With a Retirement Policy Statement, you're effectively committing yourself to abiding by a given system. That's not to say your system won't evolve as the years go by, but it makes it much less likely that you'll ratchet your planned 4% spending rate up to 10% in a given year.

  1. How must you formulate a statement?

It need not be a lengthy document. Simple and to the point is the name of the game here. It could be: To maintain a portfolio that consists 60% of high-quality, dividend-paying stocks and 40% high-quality bonds, along with a cash component consisting of two years’ worth of living expenses. Spend from cash bucket and periodically refill using rebalancing proceeds. Use 4% guideline for spending."

Here is a downloadable template . You can use it as a guide and work on customizing it.

  1. What sort of detail must go into making that statement a reality?

Start with the basic outlines and then move onto specifics where you spell out the nitty-gritty of your spending plan and how you are extracting that cash flow from the portfolio.

  • When do you plan on retiring? When does your spouse plan to retire?
  • What is your "anticipated retirement duration"? This requires you to break out a crystal ball and forecast your own life expectancy. Of course, it's impossible to know years or decades in advance just how long each of us will live, and most people would just as soon avoid the subject entirely. But estimating how long each of us will live is just as important as other key retirement-planning variables such as savings rate, rate of return on your investments, and withdrawal rate.
  • The assets (savings account, fixed deposit, provident fund, equity investments, any and every investment) that you and your spouse will bring into retirement.
  • Your anticipated income needs in retirement; how much of those income needs will be coming from certain sources of income like a pension, an annuity, or rental income.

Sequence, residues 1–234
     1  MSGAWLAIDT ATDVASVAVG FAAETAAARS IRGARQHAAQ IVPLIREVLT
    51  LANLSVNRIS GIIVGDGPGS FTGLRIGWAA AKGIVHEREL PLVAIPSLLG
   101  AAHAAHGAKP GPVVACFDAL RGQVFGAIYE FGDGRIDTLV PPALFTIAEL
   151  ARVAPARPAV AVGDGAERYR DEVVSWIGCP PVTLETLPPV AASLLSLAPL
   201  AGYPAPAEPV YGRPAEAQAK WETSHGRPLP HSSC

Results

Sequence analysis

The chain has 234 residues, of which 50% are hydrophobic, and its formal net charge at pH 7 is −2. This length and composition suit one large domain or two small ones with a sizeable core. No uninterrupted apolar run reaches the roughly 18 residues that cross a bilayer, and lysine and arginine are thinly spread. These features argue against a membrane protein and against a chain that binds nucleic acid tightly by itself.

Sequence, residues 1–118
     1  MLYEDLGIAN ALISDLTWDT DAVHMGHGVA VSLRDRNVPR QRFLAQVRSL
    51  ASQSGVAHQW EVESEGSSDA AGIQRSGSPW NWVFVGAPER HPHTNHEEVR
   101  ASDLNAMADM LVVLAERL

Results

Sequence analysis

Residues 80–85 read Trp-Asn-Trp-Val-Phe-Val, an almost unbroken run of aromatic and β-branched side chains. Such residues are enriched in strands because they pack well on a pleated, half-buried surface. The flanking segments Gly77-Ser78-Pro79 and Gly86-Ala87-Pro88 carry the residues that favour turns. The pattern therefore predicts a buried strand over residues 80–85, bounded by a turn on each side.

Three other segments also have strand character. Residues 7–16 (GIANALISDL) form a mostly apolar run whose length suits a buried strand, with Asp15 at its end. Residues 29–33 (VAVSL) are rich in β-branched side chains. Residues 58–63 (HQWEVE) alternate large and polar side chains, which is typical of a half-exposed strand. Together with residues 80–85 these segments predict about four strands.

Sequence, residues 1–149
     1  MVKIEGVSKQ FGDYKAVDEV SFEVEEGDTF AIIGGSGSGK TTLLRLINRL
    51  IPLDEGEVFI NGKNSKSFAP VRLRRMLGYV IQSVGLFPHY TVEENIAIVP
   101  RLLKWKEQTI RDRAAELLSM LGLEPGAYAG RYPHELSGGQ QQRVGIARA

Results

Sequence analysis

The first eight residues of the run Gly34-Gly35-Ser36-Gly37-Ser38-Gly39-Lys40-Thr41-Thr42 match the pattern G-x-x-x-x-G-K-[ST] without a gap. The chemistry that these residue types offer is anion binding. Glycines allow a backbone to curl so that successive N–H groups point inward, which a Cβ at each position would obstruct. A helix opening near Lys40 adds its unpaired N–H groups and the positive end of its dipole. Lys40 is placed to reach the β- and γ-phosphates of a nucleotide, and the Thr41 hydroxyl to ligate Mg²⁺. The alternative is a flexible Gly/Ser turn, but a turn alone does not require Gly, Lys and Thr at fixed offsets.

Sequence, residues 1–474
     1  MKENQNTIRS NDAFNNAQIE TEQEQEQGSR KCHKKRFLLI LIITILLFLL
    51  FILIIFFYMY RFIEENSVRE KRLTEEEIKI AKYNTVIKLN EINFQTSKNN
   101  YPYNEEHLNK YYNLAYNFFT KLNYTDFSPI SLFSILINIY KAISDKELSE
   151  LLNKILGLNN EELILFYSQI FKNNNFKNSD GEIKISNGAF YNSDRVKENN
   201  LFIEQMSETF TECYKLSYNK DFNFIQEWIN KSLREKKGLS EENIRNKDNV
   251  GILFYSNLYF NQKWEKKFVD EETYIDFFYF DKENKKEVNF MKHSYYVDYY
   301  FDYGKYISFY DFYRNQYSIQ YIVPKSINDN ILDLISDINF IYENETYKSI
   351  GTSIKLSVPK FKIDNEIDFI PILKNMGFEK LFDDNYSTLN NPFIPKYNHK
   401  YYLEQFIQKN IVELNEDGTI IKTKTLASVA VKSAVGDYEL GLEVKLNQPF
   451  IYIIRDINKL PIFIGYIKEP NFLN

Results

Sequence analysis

• What is your specific withdrawal plan? Not only how much you plan to take out of your portfolio but also how you plan to actually extract that cash flow. Will you focus strictly on whatever current income your portfolio kicks off, or will you reinvest all of your income back into the portfolio and use a pure total return approach where you are just withdrawing rebalancing proceeds?
  • Don’t forget to address inflation. You will still battle with rising prices all through your years of retirement. Drawing fixed amounts from your portfolio will ensure that your standard of living declines as the years go by. That's not what most retirees want. Thus, it's wise to factor your approach to inflation into your spending plan. The "4% guideline," for example, assumes that a retiree takes 4% of his portfolio in year one of retirement, then inflation-adjusts the rupee amount as the years go by.
  • Your cash-flow generating system is the meat of the statement: Where will you go for cash from your portfolio on an ongoing basis? Document your approach to withdrawals. These can have a big impact on the viability of your plan as well as the variability of your cash flows during retirement. Here you're documenting not just your withdrawal rate--though that's in the mix, too--but also your approach to withdrawals.
  • The key components of your retirement spending plan: your spending needs and the extent to which they'll be supplied by non-portfolio income sources (pensions, annuity) and from your portfolio. Armed with your planned annual portfolio withdrawal and the total value of your portfolio (total retirement assets), divide the former by the latter to arrive at current annual spending rate. (We've included the term "withdrawal rate" on our worksheet because it's more familiar to investors, but I prefer the term "spending rate" because it’s more encompassing.)

The information in the above four points is attributed to Christine Benz. However, I suggest that you purchase the book Retire Rich: Invest Rs 40 a day. In a simple and non-intimidating fashion, with actual examples and case studies very relevant to the Indian context, it will guide you on retirement planning.